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How to Disassemble a Model Airplane Engine Carburetor

May 05, 2015

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Airfield Models ( to Disassemble a Model Aircraft Engine Carburetor

The carburetor on a model aircraft engine is actually very simple.  Even so, a lot of people have problems adjusting them properly because they have no idea how they work.  Reading the instructions and studying the parts diagrams helps.

If you are not mechanically inclined, then I suggest you do not take the carb apart.  It is not difficult and does not require special skills, but if you are the kind of person who wedges a Phillips screwdriver in an Allen head fastener, then you probably ought to just leave this item alone.

Most carburetors are similar in construction but not identical.  This is a typical carburetor assembly, but yours is probably different in some ways.  Read the instructions that came with the engine, study the part diagram and use the proper tools.  Do not force anything.  If a part does not come out easily, then it is one of three things:

  • The part in question is not supposed to come out.
  • The part does not come out the way you think it does.
  • The part is glued in place by caramelized oil.  If this is the case, then a little heat will loosen it.  If that does not work, then leave it alone.  Contact the manufacturer or importer for guidance.

Disassembling the Carburetor

Note:  Information contained in the instructions supersedes information presented here.  Before disassembling the carburetor, be sure to review the instructions that came with the engine. 

A typical model airplane engine carburetor This is the front of the carburetor.  This particular carb is made by O.S. Max and is typical of most R/C carburetors.
Back of carburetor showing location of throttle-stop screw The back of the carburetor.  The arrow points to the throttle stop screw.  This screw has two purposes.

It limits the amount the throttle barrel can close and prevents the throttle barrel from falling out.

Never use this screw to prevent the barrel from fully closing.

You should always be able to kill the engine from your transmitter and using this screw to prevent the barrel from closing will also prevent you from being able to shut off the engine.

Remove the throttle-stop screw to remove the carburetor barrel This arrow points to the milled slot that the throttle stop screw engages.  The angle at which the slot is cut causes the barrel to slide in and out of the carburetor body as the barrel rotates.

The spring to the left of the barrel assists the barrel in moving properly.

High-Speed needle valve assembly On the opposite side of the barrel is the high-speed needle valve.  It is threaded directly into the spray bar assembly.  The needle is used to adjust the amount of fuel that can enter.

The nipple to the right of the photo is where fuel enters the carburetor.

The spray bar is a tube in the carburetor where the fuel actually enters the engine.  Most spray bars have a slot in the tube that atomizes the fuel as it leaves the spray bar.

High-speed needle ratchet is retained by a nut that also retains the spray bar This nut retains both the needle ratchet and the spray bar.  When this nut is removed, the spray bar body is pushed through the carburetor body and pulled out from the other side.

The needle valve should be treated carefully.  It has a precision ground taper and will not function properly if it is bent, nicked or has other damage.  It can be cleaned with very fine steel wool, but do not over-do it.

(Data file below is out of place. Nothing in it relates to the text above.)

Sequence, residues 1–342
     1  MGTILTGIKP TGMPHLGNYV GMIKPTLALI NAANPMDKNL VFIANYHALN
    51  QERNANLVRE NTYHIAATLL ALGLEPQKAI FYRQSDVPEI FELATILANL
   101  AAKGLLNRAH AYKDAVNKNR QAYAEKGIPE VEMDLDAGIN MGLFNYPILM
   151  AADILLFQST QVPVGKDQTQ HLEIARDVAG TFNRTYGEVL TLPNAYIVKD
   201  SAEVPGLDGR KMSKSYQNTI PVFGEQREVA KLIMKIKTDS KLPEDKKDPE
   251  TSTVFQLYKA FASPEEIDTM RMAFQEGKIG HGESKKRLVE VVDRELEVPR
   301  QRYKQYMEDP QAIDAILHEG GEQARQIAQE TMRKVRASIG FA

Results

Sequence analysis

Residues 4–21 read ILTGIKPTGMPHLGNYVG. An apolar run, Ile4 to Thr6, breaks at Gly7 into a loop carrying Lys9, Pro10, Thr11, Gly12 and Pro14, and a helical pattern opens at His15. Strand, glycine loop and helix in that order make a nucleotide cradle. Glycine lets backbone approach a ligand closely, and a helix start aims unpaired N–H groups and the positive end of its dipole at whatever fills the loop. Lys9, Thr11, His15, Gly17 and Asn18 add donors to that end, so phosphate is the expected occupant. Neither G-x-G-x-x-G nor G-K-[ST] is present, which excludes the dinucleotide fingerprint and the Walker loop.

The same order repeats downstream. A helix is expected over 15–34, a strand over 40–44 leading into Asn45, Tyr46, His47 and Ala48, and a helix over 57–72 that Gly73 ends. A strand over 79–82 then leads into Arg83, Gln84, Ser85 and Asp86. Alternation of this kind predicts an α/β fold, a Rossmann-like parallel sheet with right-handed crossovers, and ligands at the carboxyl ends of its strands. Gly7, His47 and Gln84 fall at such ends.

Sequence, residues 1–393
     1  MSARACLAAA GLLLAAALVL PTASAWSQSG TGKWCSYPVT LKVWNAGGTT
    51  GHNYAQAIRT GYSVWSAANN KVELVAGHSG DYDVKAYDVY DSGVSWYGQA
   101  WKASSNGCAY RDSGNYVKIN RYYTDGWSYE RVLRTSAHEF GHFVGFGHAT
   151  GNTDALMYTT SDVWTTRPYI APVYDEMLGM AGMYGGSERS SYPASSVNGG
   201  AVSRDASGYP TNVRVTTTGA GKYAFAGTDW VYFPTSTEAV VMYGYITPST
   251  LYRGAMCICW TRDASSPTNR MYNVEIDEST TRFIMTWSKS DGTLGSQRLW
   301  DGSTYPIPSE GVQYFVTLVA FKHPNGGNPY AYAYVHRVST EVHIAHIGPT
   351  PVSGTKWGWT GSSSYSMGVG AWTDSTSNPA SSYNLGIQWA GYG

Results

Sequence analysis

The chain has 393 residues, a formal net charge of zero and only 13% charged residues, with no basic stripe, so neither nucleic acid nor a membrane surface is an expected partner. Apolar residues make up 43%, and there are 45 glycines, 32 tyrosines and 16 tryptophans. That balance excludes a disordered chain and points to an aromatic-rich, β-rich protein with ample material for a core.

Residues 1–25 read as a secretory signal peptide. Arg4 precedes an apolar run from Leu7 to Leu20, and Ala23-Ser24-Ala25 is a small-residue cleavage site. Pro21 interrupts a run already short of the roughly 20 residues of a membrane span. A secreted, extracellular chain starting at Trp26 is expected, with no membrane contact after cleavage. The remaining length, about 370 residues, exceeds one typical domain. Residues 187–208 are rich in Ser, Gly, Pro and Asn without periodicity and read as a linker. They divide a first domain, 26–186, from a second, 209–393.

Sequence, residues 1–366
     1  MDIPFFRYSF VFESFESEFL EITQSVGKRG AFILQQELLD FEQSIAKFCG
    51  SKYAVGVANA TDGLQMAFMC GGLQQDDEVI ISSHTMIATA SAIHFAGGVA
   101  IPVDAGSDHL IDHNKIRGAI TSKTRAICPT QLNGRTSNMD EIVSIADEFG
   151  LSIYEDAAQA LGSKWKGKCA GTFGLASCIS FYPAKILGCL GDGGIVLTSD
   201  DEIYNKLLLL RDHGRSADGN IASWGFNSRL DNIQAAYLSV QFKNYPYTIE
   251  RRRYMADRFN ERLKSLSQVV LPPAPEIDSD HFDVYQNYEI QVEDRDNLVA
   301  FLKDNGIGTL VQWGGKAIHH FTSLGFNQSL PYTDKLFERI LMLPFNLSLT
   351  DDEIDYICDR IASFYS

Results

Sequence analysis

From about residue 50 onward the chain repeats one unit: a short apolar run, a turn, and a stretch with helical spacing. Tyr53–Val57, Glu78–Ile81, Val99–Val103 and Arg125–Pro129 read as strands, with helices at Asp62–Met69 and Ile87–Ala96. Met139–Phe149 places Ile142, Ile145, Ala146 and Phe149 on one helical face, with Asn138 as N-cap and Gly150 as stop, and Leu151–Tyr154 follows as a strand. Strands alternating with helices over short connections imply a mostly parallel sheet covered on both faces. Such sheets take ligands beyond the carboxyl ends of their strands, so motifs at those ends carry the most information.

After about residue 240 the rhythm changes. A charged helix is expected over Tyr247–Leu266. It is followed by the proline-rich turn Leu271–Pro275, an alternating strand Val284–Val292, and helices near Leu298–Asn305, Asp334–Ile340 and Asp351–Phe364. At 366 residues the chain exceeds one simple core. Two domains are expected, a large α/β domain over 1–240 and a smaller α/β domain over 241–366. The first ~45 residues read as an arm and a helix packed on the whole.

Spray bar shown inside the carburetor Another view of the spray bar.  This is another delicate piece and should be handled carefully.  Any damage at all such as nicks or bends will almost certainly cause erratic engine runs if the engine runs at all.
Remove the spray bar from inside the carburetor body The spray bar body shown on the same side of the carburetor body from which it was removed.

Although it is difficult to see, there is a hole in the spray bar toward the middle.  This is where the fuel comes out of the spray bar and into the engine.

Again, the spray bar on your carburetor may be attached to the body in an entirely different manner.  In some cases it is a press fit and is not designed to be removed except at the factory.

Low speed needle assembly Most carburetors have the low-speed needle opposite the high speed needle.  This is why the carburetor barrel moves in and out.

As the barrel closes, it moves into the body allowing the low-speed needle to enter the spray bar which leans the idle mixture.

Therefore the low-speed needle affects the mixture from idle to mid-range.  When the barrel is opened farther than approximately half-throttle, the idle needle has no effect the mixture is solely controlled by the high speed needle.

However, the high-speed needle affects the entire throttle range which is why it must be adjusted properly before setting the low-speed needle.

Low speed needle show removed from carburetor barrel The low speed needle removed from the carburetor barrel.  There is an O-ring seal near the head of the needle.

These seals are important so take care of them and replace them if necessary.  Air leaks will cause havoc with your engine and you will never get it tuned properly.

The completely disassembled carburetor The carburetor completely disassembled.  By the way, the O-ring at the bottom of this photo is hard as a rock. This engine is over 20 years old and has all its original rings.

This one must be replaced because it will not seal properly and will probably break with the slightest force.



How to Disassemble a Model Airplane Engine
How to Assemble a Model Airplane Engine Carburetor

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Copyright 2004 Paul K. Johnson